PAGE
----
Story updated at 10:40 p.m. ET
WASHINGTON -- NASA Administrator Sean O'Keefe resigned Monday to pursue a job as chancellor at Louisiana State University.
NASA spokesman Robert Jacobs said that O'Keefe submitted his letter of resignation to the White House Monday but "plans to stay on until the administration finds a successor."
O'Keefe, 48, is traveling to Baton Rouge on Wednesday to tour LSU's main campus and to interview with the university's selection committee. Charles Zewe, a spokesman for LSU's board of supervisors, said Monday that O'Keefe is the university's top pick for the job. "No one else is being interviewed. No one else is being brought to campus," Zewe said.
"This was the most difficult decision I've ever made, but it's one I felt was best for my family and our future," O'Keefe explained in a NASA press release issued late today from NASA Headquarters in Washington, D.C.
In his resignation letter to President Bush, the NASA Administrator wrote: "I will continue until you have named a successor and in the hope the Senate will act on your nomination by February."
Steven Squyres, a Cornell astronomer and leader of the science team for the twin Mars Rovers, said Monday that O'Keefe has been a "strong supporter" of the rover team, providing support before launch and during the mission. "Sean O'Keefe was an absolute pleasure to work with," Squyres said.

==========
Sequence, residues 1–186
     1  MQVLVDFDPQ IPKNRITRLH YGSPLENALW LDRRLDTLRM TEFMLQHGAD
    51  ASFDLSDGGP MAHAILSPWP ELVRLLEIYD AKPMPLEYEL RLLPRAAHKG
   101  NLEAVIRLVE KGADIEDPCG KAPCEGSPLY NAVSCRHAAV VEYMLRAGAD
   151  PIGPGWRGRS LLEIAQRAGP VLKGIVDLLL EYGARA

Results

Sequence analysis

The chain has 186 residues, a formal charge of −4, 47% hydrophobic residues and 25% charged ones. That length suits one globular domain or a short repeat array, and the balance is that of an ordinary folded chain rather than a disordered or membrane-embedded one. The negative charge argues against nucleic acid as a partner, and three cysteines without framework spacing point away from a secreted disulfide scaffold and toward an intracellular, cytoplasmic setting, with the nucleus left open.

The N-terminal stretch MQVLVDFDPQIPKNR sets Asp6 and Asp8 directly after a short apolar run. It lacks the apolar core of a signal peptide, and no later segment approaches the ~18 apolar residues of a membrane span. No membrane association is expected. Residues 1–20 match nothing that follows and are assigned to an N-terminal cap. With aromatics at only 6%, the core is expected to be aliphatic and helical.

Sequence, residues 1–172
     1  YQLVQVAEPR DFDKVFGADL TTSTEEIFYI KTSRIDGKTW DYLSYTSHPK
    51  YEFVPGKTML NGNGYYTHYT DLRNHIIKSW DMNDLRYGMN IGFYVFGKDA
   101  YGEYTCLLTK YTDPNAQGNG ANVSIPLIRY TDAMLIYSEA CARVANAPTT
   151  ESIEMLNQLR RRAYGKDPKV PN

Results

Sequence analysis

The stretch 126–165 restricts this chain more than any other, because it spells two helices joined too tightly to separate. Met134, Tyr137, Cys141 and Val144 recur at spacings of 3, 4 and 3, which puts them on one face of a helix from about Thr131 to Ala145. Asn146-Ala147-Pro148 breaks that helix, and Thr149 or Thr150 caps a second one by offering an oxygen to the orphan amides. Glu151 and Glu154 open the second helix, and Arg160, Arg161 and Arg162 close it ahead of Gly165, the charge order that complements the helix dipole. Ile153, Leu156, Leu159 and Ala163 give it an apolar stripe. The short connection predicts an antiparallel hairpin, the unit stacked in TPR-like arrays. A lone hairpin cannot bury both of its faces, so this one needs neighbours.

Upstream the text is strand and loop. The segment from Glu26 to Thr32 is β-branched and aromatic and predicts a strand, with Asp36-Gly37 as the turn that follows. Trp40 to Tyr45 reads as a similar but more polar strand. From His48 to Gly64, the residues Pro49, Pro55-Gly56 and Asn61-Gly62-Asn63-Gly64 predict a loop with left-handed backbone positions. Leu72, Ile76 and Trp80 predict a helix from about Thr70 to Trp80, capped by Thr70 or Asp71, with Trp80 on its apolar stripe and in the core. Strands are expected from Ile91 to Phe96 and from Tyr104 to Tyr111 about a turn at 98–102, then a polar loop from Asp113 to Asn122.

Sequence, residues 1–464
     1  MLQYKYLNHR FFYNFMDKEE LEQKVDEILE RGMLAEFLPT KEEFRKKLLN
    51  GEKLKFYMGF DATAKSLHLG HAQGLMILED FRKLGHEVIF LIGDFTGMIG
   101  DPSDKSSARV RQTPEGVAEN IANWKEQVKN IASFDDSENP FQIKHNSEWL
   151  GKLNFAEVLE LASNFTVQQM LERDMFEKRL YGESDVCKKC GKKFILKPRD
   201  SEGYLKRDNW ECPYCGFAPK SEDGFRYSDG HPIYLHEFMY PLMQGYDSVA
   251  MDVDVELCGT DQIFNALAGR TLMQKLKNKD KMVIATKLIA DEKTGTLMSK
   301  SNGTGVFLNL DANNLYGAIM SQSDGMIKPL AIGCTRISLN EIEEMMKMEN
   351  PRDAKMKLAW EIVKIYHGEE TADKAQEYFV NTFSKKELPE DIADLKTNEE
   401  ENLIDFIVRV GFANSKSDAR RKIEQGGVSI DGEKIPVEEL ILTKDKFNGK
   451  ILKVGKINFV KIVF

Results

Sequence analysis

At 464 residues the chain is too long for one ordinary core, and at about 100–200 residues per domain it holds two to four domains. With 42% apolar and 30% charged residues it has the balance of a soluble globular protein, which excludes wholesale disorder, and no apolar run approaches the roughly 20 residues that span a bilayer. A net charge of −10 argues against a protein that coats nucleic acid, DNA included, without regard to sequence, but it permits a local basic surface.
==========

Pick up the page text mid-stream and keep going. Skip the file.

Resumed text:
O'Keefe's resignation follows closely a come from behind budget victory. Congress approved a $16.2 billion budget for NASA in late November, a remarkable turnaround from the $1 billion cut lawmakers in the U.S. House of Representatives had recommended over the summer.
"Mr. O'Keefe has taken the ball and made a good run downfield and for that everyone in the space community is grateful," said George Whitesides, executive director of the National Space Society, the Washington, D.C.-based space advocacy group. "But we have a ways to go, so all eyes will be on who comes next."
O'Keefe was sworn in on Dec. 21, 2001 by his political mentor Vice President Dick Cheney and given a mandate to clean up NASA's financial management.
O'Keefe's focus shifted abruptly with the Feb. 1, 2003 loss of the Space Shuttle Columbia. O'Keefe unhesitatingly pledged the agency to comply Columbia Accident Investigation Board's sweeping recommendations for resuming shuttle flights.
In the aftermath of the Columbia accident, the White House formulated a new space exploration vision for NASA and on Jan. 14, with a speech by President George W. Bush, it became O'Keefe's charge to start refocusing the agency in order to make the vision happen.
The vision, like the effort to return the space shuttle to flight and overhaul of the U.S. space agency's finances, remains a work in progress as O'Keefe prepares to leave the post he's occupied for three years.
SPACE.com's Robert Roy Britt and Anthony Duignan-Cabrera contributed to this report.